England's new Test cricket captain Joe Root has said he is looking forward to the challenge, particularly with an Ashes series coming up.
Speaking in his first press conference since being appointed successor to Alastair Cook, Root commented: "I can't for the Ashes. We should all be very excited about that.
"We have a great blend of experience and raw talent and there's a core group of players that have played 20 or 30 games.
"It's a great time for them to become more consistent and to make this side really tough to beat."
The new skipper is taking over a side that had been on the brink of becoming the number one-ranked Test nation last August before losing the final Test of the summer to Pakistan, since when they have endured a torrid time in the subcontinent as they could only draw 1-1 in Bangladesh and lost 4-0 to India.
While India's excellence at home has enabled them to snatch top spot in the rankings - they whitewashed new Zealand 3-0 before the England tour and have just won a Test against Bangladesh - the nature of defeat and the wear and tear of captaincy persuaded Cook it was time to step down.
This leaves Root with the task of trying to improve the England side this summer and fans booking corporate hospitality for the Test match at Edgbaston against the West Indies in August can see part of the side's preparation in action, with the first day-night Test in England providing some preparation for the pink ball encounter in Adelaide during the second Ashes Test.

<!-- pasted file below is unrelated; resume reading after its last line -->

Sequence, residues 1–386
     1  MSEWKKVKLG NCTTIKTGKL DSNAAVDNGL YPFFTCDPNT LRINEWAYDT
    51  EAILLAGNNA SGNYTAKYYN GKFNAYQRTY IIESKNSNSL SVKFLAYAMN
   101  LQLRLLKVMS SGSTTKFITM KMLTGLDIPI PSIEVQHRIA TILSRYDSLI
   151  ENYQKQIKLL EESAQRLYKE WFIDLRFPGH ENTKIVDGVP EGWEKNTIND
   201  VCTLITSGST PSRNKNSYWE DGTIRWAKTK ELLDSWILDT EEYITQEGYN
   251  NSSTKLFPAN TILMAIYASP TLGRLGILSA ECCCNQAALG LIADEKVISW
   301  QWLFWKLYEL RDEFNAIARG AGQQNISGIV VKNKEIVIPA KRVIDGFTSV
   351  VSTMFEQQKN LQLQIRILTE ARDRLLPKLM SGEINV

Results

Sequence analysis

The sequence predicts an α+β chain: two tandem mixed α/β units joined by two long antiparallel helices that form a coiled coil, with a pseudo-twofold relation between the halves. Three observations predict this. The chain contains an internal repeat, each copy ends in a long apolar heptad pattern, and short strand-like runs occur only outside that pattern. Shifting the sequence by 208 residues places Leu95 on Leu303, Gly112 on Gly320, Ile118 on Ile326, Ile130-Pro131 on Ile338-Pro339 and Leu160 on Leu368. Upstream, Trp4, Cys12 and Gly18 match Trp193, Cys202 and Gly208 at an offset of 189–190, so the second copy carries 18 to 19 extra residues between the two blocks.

Root has limited experience of captaincy at first-class level, having led Yorkshire just four times, but he said he will draw on the knowledge and experience of those who have led England in the past.
He told BBC Sport: "It would be silly not to talk to people who have been in this position before. Maybe I'll also speak to a few people away from cricket to get different perspectives on things.
"The opportunity to do that comes with a great deal of time before our next Test, hopefully I can be smart about things and use that time wisely."
Root's promise of a positive, tougher England will be music to the ears of those who have been frustrated by the inconsistency shown by the team in the past couple of years. It may also be vital if England are to win the Ashes down under.
Beating Australia in England has not proved beyond England in recent years, with the famous 2005 series starting a sequence of four successive home triumphs and ensuring Australia are already guaranteed their longest run without an Ashes series win in England.
However, in Australia the ball swings less, the pitches are faster and bouncier and the crowds hostile, notwithstanding the presence of the Barmy Army. An England side just months from becoming world number one secured a magnificent 3-1 win in 2010-11, but two of the last three visits have ended in 5-0 whitewashes.
The 2010-11 triumph was England's first successful Ashes tour since 1986-87, although the 24-year gap was mainly due to Australia's dominance of the cricket landscape through the 1990s and 2000s.